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Two case studies for open decision-making
Making open decisions at scale
Two compelling case studies demonstrate the benefits of open decision-making.
In a start-up organization, anticipating how a decision will impact the people you work with is relatively easy. If you don't know, you just ask them, then make adjustments accordingly. Open conversations like these are an intuitive and expected practice in most start-up environments.
Yet as an organization grows to include more and more people, sustaining that open, flexible, and inclusive culture becomes difficult. Those sorts of practices begin to fade away if you don't deliberately work at cultivating and scaling them.
As the organization becomes bigger and more complex, closed, siloed behaviors tend to creep in and become entrenched in the organization. You see one of two reactions to this cultural change:
- Some people accept this loss of transparency and engagement with a pragmatic shrug. They say, "Well, we're not a startup anymore, and we can't act like one forever."
- Others leave the organization and say that the culture is too "corporate" for their liking. They pack up their belongings and their talents, and they begin anew with another startup.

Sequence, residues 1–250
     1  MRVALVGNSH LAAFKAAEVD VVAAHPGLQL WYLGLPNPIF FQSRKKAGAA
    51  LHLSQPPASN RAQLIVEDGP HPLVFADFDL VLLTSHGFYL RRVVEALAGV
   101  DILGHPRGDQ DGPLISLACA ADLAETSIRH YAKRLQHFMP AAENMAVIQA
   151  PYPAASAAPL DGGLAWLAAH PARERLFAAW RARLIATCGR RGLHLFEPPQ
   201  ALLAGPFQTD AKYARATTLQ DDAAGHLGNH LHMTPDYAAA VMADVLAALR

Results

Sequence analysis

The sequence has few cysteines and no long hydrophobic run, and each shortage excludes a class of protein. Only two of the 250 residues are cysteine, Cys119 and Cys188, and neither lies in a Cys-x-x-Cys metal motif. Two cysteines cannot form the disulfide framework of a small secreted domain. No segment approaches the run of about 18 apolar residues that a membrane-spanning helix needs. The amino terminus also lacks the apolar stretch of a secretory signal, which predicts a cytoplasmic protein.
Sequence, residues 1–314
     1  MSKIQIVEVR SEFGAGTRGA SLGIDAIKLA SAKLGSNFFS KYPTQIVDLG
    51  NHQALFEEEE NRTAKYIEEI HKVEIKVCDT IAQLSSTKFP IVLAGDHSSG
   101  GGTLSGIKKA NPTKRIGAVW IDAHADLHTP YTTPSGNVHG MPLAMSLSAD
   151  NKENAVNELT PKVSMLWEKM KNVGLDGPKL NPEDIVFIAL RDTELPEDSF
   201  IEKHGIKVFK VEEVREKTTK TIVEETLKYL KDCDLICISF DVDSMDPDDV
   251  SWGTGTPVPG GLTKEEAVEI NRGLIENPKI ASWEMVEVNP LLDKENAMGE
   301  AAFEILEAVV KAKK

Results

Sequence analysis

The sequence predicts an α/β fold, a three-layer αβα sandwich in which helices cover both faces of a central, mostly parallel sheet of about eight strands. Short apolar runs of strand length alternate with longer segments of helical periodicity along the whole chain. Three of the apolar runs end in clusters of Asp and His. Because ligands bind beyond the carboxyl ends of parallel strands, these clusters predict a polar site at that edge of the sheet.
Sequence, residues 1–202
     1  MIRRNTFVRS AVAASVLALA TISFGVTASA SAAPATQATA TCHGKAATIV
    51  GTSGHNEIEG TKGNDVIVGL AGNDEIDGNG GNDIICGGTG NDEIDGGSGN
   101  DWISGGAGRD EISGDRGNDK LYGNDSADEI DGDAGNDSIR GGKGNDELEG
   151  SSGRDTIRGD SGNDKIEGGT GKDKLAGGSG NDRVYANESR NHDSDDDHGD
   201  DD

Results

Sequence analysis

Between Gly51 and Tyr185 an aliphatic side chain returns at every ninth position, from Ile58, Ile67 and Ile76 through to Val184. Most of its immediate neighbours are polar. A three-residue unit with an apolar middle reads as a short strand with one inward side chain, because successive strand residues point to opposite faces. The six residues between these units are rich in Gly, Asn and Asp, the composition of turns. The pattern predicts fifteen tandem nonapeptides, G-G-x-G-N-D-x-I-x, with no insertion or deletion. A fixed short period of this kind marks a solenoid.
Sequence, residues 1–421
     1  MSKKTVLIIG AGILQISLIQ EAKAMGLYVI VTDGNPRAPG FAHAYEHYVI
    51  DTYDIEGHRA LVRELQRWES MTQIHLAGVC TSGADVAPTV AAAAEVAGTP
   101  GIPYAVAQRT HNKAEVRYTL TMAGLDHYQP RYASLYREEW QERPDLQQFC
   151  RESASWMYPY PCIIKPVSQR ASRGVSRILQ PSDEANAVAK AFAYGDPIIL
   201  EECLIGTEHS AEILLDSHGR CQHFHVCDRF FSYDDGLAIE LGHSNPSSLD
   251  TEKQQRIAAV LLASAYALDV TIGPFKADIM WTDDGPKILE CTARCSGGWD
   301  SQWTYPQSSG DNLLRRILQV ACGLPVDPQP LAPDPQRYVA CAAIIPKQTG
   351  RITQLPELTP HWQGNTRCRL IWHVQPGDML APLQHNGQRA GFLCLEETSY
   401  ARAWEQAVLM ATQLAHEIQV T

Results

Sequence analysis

At Red Hat, we've struggled with the same issue over the years, and we've seen our share of both reactions. After all, our company has grown from two guys in a townhouse to nearly 10,000 associates around the world.
Fortunately, our company is strongly rooted in the open source movement, where acting openly is the norm and the expectation. When we were a startup, many of our associates came from open source communities, and many of our new hires today continue to come from open source communities. That's created, essentially, a cultural mandate: to figure out how to sustain and scale what makes our company special, as we continue to bring in newcomers from many different backgrounds.
Understanding our own best practices
We've developed one effective tool for doing this: the Open Decision Framework, a collection of best practices for making decisions and leading projects at Red Hat.
The Open Decision Framework contains the collective wisdom of Red Hatters, compiled into a flexible framework that helps our decision makers and leaders seek out diverse perspectives and collaborate across teams and geos, to make better decisions.
Open source principles like transparency and collaboration are the building blocks for these principles. In true open source fashion, we've come to realize that many of the practices originated in or were adapted from open source projects and communities to which Red Hatters contribute.